Iconic brand’s April fool’s stunt backfires

 

Volkswagen is one of the biggest names in the automotive world with some of the world's most iconic vehicles in its range.

So why would it mess with a name people have known for decades?

On Monday, Volkswagen of America "accidentally" posted a press release on its website announcing it would change its name to Voltswagen to promote its push into electric vehicles.

The statement was picked up by CNBC, who said a spokesperson declined to comment on the release and the story was also drew widespread coverage in other publications.

 

The company has poured about $A113 billion into electric vehicles as part of the shift in the automotive world.

But Reuters was soon reporting sources saying the statement had been a marketing stunt

and the original article on CNBC was updated.

"Volkswagen initially said it was going to rename its US operations Voltswagen to signify its commitment to electrification of its fleet. The company confirmed (on) Tuesday that the announcement was an elaborate April fool's joke," CNBC reported.

Journalists who had tried to verify the original story were angered by the stunt and hit back at the company, saying it was not a joke but "deception".

One account that mocks the failure of journalists also joined in the controversy.

In Europe, where diesel and petrol vehicles are being phased out, Volkswagen sells the most electric cars, with electric versions of its Golf, the larger Passat, and the electric specific ID. 3 model.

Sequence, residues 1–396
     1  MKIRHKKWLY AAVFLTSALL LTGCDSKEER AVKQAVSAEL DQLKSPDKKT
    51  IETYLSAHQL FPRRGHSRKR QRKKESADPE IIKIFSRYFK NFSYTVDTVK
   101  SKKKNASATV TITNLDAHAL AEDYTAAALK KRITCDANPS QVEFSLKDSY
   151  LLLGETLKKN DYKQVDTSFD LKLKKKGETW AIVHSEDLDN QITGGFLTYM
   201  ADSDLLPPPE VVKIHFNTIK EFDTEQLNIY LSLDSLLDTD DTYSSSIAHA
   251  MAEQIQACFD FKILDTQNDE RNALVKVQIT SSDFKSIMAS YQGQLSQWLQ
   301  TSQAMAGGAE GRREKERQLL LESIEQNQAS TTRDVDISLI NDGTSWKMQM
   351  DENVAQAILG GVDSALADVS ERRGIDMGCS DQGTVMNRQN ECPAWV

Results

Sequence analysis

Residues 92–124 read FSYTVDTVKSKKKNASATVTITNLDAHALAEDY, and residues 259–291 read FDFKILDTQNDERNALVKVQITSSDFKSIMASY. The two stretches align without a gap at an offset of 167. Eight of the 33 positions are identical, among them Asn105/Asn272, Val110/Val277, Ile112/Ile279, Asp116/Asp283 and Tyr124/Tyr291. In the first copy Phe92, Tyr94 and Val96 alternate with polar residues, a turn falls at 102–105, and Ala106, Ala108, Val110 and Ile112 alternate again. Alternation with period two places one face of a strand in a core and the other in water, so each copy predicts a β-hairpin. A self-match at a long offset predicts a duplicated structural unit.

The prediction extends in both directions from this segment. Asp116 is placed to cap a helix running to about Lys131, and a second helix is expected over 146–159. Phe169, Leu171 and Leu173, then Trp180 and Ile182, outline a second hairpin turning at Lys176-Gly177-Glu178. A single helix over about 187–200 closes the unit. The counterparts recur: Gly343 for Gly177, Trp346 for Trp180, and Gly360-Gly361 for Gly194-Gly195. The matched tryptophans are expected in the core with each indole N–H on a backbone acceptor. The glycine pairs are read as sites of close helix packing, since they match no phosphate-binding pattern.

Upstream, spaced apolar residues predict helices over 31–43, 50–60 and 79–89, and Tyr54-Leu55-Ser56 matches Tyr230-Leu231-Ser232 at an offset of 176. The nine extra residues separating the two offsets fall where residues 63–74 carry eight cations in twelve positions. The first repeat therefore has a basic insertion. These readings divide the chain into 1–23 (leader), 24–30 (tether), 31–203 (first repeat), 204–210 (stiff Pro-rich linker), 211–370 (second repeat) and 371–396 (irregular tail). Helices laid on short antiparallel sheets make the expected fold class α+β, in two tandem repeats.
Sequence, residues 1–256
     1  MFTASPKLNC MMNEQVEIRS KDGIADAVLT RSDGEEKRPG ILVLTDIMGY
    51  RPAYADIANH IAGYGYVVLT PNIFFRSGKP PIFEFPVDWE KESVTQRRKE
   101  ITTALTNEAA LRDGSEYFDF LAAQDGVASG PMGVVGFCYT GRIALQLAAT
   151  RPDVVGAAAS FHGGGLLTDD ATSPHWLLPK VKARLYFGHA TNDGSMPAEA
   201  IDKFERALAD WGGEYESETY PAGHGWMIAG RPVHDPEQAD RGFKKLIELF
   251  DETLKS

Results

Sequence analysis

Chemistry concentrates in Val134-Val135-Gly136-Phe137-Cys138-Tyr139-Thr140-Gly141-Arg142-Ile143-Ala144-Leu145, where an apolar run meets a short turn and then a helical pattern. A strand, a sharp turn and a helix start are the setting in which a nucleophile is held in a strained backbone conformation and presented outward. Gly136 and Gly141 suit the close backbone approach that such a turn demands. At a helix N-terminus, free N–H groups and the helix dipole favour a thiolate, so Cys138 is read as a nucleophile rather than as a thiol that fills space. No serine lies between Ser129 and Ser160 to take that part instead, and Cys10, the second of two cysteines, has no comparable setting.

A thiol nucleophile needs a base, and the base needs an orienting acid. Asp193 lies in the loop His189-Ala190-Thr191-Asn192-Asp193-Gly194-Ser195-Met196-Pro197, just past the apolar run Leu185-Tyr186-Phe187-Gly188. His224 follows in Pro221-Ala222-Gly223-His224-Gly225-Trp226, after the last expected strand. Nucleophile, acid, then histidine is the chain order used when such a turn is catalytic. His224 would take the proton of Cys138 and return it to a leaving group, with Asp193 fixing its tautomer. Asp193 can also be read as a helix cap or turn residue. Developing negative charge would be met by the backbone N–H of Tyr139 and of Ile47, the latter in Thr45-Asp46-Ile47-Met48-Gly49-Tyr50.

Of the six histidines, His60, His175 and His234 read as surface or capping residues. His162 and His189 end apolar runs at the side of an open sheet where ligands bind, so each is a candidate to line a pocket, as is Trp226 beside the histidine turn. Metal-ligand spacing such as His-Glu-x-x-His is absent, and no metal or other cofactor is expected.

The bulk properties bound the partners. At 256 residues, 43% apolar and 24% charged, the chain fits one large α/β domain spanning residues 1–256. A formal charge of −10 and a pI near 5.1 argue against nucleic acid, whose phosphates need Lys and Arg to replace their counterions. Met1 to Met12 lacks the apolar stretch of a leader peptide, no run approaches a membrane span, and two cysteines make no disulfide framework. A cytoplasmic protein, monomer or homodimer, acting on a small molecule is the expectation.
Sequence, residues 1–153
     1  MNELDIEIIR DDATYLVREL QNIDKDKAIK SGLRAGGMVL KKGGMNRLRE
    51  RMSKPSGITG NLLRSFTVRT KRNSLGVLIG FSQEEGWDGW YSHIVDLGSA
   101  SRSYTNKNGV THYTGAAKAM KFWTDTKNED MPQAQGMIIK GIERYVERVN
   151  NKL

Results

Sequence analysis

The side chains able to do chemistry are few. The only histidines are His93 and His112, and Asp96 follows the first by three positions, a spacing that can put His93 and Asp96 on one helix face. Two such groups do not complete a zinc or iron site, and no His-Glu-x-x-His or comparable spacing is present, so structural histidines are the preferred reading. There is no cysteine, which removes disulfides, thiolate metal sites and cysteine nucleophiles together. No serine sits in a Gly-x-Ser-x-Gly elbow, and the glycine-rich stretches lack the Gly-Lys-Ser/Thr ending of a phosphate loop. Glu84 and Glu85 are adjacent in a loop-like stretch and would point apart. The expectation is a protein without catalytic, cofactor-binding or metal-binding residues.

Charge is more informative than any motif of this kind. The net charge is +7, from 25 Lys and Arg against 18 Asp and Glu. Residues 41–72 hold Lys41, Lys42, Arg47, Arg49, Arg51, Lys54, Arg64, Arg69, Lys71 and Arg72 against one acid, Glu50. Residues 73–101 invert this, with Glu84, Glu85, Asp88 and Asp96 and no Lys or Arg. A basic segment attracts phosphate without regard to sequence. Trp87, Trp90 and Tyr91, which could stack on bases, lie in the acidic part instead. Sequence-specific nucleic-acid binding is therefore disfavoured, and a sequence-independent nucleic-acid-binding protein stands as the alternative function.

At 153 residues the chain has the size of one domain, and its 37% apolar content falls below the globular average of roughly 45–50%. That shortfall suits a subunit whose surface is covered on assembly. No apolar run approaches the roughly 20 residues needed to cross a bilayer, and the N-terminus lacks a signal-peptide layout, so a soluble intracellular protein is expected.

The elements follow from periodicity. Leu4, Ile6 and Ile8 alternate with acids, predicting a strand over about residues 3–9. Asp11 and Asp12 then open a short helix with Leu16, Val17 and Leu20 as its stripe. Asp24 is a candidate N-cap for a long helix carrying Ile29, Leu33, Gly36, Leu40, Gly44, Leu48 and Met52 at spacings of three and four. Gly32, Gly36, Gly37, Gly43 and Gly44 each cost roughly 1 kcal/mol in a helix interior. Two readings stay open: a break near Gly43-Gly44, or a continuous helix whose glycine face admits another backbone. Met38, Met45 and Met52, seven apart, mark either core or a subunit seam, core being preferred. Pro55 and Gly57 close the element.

The Audi e-Tron and Porsche Taycan could also be included in its numbers as Volkswagen owns both brands.

Sales for Volkswagen's branded electric vehicles more than tripled last year compared to the year before.

In the US, where its local subsidiary claimed it would change its name, doesn't sell any electric vehicles yet, but the upcoming ID. 4 will be sold there.

Volkswagen's emissions scandal

In 2015, the German automaker was caught out deliberately cheating emissions tests by programming its vehicles with a secret operating mode for the purposes of testing.

The scandal that eventually became known as Dieselgate stemmed from an elaborate operation spanning several years in which Volkswagen had made false representations about the green credentials of its diesel vehicles through the installation of "defeat devices".

The company specifically designed its cars to cheat emissions tests from 2009 until 2015, but was caught out after the US Environmental Protection Agency and other investigators found its cars emitted around 40 times more nitrogen oxide on the roads than when they were tested.

In 2019, the company was fined $125 million in Australia over the scandal.

That figure was a record for violations of local consumer law but it paled in comparison to the $US2.8 billion ($A3.68 billion) criminal fine a US judge ordered the company pay, on top of a $US1.5 billion ($A1.9 billion) civil penalty.

 

Originally published as Iconic brand's April fool's stunt backfires


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